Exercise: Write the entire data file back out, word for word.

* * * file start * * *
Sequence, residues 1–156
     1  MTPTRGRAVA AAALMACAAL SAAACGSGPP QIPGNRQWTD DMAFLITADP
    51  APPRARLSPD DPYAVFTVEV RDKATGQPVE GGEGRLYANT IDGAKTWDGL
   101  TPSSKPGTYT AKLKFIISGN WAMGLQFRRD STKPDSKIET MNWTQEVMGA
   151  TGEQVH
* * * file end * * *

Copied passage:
Sequence, residues 1–156
     1  MTPTRGRAVA AAALMACAAL SAAACGSGPP QIPGNRQWTD DMAFLITADP
    51  APPRARLSPD DPYAVFTVEV RDKATGQPVE GGEGRLYANT IDGAKTWDGL
   101  TPSSKPGTYT AKLKFIISGN WAMGLQFRRD STKPDSKIET MNWTQEVMGA
   151  TGEQVH